# Slip Angle

The slip angle of a vehicle describes the ratio of forward and lateral velocities in the form of an angle and is normally represented by the symbol β (Beta). Slip angle is the angle between a rolling wheel's actual direction of travel and the direction towards which it is pointing. In other words it’s the difference between where car is pointing (heading) and where it’s actually going. This slip angle results in a force perpendicular to the wheel's direction of travel - the cornering force. This cornering force increases approximately linearly for the first few degrees of slip angle, and then increases non-linearly to a maximum before beginning to decrease (as the wheel slips).

A non-zero slip angle arises because of deformation in the tire. As the tire rotates, the friction between the contact patch and the road result in individual tread 'elements' remaining stationary with respect to the road.
This tire deflection gives rise to the slip angle, and to the cornering force.

Because the forces exerted on the wheels by the weight of the car and downforce are not distributed equally, the slip angles of each tire will be different. The ratios between the slip angles will determine the vehicle's behavior in a given turn. If the ratio of front to rear slip angles is greater than 1:1, the vehicle will tend to understeer, while a ratio of less than 1:1 will produce oversteer.
Actual instantaneous slip angles depend on many factors, including the condition of the road surface and tires, acceleration and braking, tire profile size and tire camber, but a vehicle's suspension can be designed to promote specific dynamic characteristics.
A principal means of adjusting developed slip angles is to alter the relative roll front to rear by adjusting the amount of front and rear lateral weight transfer. This can be achieved by modifying the height of the Roll centers, or by adjusting roll stiffness, either through suspension changes or the addition of an anti-roll bar.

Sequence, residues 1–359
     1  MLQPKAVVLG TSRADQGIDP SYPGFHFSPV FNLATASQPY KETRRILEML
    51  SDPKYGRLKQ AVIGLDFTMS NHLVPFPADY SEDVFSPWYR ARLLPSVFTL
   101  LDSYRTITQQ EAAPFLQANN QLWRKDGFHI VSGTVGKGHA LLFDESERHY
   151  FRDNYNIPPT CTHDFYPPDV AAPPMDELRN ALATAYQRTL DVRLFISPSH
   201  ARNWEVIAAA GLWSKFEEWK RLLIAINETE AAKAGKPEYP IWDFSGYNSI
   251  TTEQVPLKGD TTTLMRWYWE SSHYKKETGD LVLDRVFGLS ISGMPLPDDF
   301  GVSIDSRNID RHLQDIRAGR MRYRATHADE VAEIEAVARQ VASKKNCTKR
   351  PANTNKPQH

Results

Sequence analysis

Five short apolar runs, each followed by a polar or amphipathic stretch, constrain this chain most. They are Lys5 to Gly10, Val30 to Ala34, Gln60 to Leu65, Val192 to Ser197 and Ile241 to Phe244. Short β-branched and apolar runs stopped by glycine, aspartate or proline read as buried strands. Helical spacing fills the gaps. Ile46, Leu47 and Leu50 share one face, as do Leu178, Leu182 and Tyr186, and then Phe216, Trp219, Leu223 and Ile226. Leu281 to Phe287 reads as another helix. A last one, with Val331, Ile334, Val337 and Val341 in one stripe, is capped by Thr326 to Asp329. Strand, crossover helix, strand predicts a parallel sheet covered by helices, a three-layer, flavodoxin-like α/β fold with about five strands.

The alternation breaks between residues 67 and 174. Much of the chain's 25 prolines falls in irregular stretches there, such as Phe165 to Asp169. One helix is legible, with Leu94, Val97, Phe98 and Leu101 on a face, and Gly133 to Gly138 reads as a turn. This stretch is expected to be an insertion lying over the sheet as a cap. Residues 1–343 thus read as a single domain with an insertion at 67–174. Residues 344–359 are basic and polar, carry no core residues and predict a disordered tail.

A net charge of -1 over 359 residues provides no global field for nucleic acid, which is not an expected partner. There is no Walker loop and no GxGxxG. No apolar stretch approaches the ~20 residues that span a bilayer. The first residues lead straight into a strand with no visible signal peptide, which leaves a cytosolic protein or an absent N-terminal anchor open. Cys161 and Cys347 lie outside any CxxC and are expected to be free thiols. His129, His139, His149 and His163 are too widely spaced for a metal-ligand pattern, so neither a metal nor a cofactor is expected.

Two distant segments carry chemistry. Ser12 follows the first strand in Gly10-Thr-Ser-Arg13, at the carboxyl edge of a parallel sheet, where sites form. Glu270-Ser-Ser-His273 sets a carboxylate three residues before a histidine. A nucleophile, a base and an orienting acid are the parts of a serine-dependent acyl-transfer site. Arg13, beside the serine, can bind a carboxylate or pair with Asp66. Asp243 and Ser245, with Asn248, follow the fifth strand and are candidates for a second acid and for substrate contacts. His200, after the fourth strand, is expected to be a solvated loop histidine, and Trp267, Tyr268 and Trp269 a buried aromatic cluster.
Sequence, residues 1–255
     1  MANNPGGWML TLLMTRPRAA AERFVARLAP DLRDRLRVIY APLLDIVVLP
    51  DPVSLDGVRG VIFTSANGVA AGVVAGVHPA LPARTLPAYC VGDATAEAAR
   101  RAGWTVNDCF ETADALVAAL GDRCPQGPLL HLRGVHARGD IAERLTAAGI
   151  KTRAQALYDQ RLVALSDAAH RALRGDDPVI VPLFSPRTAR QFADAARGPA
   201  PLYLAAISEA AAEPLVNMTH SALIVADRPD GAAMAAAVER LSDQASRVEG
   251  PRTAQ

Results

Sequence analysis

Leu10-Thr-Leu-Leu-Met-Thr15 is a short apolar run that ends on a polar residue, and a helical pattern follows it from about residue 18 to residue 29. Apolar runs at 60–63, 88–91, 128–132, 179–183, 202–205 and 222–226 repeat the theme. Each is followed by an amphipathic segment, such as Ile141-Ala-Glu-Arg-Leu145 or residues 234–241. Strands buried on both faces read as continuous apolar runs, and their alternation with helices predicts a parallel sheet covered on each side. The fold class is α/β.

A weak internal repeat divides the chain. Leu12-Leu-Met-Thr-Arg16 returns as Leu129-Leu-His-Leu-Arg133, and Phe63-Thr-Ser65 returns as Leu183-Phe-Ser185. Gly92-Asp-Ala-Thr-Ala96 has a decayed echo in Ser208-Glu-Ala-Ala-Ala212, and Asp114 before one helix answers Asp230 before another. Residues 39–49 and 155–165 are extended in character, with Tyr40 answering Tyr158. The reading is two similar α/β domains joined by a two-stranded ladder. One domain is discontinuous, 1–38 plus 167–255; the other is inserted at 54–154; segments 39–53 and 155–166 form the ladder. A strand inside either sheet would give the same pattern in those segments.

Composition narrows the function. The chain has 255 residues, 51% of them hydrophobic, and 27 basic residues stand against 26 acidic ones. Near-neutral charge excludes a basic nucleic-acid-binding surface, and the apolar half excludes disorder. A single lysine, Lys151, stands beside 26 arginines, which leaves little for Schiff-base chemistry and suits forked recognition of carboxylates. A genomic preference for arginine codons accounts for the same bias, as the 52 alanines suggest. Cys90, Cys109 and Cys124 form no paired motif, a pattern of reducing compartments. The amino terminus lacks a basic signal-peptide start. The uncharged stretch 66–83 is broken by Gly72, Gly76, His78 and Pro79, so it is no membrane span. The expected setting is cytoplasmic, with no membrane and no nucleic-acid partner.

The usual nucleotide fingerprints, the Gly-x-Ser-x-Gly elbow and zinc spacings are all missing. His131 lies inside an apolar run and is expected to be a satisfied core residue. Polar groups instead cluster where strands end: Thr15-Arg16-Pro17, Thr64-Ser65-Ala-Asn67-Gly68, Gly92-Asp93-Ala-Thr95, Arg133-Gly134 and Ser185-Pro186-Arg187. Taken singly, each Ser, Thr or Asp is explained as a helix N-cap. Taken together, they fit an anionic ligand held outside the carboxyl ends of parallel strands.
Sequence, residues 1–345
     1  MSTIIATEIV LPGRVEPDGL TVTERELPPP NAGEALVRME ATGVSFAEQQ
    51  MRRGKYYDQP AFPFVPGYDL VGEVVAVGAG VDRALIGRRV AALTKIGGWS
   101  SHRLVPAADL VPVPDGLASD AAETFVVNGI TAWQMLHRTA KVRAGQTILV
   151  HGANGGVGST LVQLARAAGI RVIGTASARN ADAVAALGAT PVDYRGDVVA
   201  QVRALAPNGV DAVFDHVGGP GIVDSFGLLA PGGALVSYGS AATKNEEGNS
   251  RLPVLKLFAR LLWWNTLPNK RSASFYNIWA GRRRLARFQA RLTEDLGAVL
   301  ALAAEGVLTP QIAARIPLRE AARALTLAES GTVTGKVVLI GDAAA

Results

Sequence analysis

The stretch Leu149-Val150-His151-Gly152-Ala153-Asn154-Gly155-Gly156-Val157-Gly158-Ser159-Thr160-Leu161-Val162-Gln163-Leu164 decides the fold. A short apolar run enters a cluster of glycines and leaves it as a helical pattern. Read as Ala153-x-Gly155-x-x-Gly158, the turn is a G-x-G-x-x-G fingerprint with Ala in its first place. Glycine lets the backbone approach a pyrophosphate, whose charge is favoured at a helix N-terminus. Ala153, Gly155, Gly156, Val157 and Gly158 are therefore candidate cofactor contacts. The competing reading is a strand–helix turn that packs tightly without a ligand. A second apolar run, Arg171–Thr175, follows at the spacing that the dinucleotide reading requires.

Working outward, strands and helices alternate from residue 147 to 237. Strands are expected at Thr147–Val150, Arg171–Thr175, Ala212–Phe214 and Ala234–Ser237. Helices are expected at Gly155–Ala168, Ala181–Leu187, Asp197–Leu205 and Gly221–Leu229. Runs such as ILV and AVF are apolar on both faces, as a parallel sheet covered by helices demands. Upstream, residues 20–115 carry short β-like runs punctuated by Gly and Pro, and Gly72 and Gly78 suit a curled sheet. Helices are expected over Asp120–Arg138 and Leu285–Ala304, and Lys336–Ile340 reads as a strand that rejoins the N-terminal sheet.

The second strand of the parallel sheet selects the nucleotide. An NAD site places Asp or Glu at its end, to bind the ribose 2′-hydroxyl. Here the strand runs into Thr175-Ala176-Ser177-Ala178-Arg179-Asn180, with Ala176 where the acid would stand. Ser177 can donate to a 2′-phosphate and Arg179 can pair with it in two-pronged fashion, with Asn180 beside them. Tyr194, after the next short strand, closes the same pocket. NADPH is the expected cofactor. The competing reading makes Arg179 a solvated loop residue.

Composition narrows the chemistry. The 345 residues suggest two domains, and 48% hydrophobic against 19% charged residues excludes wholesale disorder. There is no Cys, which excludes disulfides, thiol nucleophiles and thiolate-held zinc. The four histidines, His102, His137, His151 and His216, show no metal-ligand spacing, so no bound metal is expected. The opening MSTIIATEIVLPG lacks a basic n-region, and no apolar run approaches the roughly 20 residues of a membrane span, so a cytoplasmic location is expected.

What changes a slip angle into a slide angle? Excessive slip angles! That is, a slip angle is so called because the part of the contact patch that is to the outside of your turn is moving faster than the wheel itself is in the direction it (the contact patch) is pointing while the part on the inside is moving more slowly. (Exactly like camber thrust.) Since the outside part is moving faster than the tire it must be slipping. The inside part is gripping better than it would if moving in a straight line. For this reason the contact patch 'walks' itself into the turn.

The greater the slip angle, the larger portion of the contact patch that is slipping. At some point there is so little part of the contact patch that is not slipping that traction is lost and the tire begins to slide. Until shortly before then, slide traction increases. Note, however, that traction is generally not lost all at once. Rather than an abrupt loss of traction, it tends to be lost gradually.
Tires seem to operate at their peak performance when they are under a few degrees of slip angle, they generate the most grip at that particular slip angle. For race and high performance tires this optimum slip angle is around 6 to 10 degrees while this number is a little lower for street tires.
Due to low traction surfaces rally drivers reach even bigger angles. In drifting you probably see the biggest slip angle of all motorsports, sometimes as high as 40 degrees!

Slip Angle Measurement